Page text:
'Big Three' still cricket's dominant powers

They may have each had some slip-ups along the way, but it is perhaps no surprise that cricket's three wealthiest nations -- England, India and Australia -- are in the semi-finals of the World Cup.

The tournament, which will generate some £400 million ( $500 million) in broadcast revenues alone, is key in funding the International Cricket Council's work in developing the sport.

Yet most of the money still finds its way to cricket's richest countries.

In the 2016-23 broadcasting cycle, of which the 2019 and 2023 World Cup are the key events, some 93 'associate' or junior cricket nations stand to receive £175 million from the ICC, whereas India will get £320 million alone.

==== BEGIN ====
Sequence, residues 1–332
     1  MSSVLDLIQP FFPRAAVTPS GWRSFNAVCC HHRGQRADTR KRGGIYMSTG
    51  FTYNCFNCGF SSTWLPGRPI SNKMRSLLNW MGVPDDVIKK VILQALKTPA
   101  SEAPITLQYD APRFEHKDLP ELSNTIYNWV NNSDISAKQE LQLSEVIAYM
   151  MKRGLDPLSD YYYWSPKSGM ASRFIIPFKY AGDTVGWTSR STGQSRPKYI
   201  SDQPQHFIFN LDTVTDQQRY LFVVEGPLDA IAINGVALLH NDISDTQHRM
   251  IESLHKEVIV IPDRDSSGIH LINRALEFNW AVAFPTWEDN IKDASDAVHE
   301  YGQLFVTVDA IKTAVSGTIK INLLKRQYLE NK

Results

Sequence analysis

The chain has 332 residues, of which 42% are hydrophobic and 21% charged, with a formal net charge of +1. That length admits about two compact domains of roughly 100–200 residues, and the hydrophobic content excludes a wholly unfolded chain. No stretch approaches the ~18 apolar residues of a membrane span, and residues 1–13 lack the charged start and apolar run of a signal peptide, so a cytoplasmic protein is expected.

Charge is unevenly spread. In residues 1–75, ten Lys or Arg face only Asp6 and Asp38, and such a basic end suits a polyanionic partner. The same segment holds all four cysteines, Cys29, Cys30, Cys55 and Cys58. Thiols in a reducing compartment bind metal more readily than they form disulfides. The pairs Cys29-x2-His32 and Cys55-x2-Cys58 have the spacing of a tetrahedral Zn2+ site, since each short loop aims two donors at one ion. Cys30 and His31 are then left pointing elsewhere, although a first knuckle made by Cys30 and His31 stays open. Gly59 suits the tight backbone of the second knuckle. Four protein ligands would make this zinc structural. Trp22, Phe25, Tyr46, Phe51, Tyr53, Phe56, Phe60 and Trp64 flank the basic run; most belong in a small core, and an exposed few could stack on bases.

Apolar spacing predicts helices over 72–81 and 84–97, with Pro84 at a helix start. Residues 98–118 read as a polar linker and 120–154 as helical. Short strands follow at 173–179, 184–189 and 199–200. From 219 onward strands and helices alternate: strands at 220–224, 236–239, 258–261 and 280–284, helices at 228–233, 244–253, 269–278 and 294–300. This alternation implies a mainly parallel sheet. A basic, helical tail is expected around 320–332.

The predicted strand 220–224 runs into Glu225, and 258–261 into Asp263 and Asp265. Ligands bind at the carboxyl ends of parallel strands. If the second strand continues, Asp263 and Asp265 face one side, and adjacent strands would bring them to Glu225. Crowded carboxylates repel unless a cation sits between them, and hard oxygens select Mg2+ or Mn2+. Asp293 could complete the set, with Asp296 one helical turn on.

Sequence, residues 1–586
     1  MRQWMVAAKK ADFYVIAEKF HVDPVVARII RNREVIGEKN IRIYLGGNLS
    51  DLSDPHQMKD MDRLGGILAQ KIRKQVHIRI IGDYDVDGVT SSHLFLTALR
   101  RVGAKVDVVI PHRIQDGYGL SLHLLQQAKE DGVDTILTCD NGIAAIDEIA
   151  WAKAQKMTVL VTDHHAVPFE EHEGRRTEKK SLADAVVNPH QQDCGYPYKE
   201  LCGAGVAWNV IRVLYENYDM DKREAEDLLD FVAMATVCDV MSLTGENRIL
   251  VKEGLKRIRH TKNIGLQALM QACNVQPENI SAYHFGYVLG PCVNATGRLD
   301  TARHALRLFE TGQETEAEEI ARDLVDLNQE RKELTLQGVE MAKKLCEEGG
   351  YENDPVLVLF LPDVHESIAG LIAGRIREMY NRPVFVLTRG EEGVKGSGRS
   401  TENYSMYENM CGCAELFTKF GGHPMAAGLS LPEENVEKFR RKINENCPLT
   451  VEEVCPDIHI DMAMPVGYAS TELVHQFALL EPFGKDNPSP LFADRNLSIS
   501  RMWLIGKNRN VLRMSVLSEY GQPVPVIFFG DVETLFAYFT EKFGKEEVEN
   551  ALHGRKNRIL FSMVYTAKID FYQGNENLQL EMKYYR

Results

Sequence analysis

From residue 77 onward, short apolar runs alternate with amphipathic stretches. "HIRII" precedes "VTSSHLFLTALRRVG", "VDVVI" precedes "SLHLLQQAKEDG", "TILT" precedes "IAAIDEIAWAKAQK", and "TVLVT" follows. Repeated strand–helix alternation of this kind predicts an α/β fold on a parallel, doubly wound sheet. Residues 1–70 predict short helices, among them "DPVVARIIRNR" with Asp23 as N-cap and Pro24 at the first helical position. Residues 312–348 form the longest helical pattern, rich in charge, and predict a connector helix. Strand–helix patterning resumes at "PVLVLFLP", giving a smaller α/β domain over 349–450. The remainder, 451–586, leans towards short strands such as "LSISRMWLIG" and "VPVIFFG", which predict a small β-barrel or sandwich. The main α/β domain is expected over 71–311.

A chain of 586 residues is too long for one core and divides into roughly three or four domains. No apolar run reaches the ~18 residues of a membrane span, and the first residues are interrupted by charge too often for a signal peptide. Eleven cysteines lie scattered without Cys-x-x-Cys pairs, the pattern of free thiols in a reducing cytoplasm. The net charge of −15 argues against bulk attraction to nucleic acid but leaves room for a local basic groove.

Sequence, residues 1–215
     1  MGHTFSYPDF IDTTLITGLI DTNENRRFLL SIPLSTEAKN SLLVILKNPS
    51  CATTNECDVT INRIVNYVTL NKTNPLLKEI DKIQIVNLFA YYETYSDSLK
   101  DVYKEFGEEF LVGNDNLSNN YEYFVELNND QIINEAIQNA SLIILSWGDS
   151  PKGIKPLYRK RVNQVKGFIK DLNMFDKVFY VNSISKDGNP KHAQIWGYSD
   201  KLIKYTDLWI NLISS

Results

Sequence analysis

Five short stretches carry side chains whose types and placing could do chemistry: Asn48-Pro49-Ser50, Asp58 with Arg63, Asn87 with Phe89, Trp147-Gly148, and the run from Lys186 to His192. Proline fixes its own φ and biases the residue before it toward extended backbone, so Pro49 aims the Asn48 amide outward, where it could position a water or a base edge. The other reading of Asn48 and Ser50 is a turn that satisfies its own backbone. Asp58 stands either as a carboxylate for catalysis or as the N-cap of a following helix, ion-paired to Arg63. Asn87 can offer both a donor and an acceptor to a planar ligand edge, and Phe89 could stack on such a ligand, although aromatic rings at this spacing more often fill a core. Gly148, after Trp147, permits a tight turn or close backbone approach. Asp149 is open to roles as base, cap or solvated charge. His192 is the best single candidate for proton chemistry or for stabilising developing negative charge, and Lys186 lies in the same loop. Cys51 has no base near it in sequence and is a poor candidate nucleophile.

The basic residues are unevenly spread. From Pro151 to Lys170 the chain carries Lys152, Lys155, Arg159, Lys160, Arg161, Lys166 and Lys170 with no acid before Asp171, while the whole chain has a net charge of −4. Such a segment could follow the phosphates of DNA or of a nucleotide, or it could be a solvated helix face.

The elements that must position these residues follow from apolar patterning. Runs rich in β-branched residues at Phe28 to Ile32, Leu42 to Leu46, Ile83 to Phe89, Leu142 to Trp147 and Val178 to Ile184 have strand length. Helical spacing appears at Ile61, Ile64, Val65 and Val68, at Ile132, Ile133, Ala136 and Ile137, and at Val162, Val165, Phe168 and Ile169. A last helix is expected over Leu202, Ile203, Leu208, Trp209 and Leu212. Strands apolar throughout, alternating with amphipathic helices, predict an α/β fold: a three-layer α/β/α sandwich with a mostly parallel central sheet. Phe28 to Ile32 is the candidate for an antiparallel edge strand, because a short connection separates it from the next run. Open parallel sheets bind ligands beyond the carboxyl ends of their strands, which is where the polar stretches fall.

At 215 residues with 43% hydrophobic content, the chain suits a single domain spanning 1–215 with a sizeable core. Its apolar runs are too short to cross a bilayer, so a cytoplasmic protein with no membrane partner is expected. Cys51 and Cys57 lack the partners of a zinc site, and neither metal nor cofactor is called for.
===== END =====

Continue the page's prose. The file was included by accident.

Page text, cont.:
While the 'Big Three' are able to strike lucrative domestic broadcasting deals as well, teams based in poorer local economies such as South Africa and the West Indies are struggling to compete.

They face the constant threat of players quitting international cricket to pursue more lucrative careers in one of the numerous Twenty20 franchise competitions that have sprung up following the huge success of the Indian Premier League.